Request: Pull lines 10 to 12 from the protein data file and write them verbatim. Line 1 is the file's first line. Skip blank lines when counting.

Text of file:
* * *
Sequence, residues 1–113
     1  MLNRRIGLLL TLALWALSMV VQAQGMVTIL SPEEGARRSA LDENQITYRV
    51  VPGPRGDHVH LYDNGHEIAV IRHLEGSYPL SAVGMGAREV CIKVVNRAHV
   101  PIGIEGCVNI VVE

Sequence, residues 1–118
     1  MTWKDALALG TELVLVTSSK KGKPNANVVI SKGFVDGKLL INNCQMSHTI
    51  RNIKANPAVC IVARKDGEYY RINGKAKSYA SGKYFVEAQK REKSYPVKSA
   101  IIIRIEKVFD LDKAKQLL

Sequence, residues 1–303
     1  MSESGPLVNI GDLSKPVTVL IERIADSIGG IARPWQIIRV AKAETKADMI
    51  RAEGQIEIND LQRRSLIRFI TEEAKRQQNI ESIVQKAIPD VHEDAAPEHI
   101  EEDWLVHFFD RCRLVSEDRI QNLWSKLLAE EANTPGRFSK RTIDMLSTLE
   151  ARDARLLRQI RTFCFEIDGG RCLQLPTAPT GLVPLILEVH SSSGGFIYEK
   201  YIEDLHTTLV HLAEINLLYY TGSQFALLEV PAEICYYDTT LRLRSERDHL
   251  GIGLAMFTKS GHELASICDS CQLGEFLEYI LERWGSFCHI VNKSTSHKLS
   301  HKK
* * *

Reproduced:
     1  MSESGPLVNI GDLSKPVTVL IERIADSIGG IARPWQIIRV AKAETKADMI
    51  RAEGQIEIND LQRRSLIRFI TEEAKRQQNI ESIVQKAIPD VHEDAAPEHI
   101  EEDWLVHFFD RCRLVSEDRI QNLWSKLLAE EANTPGRFSK RTIDMLSTLE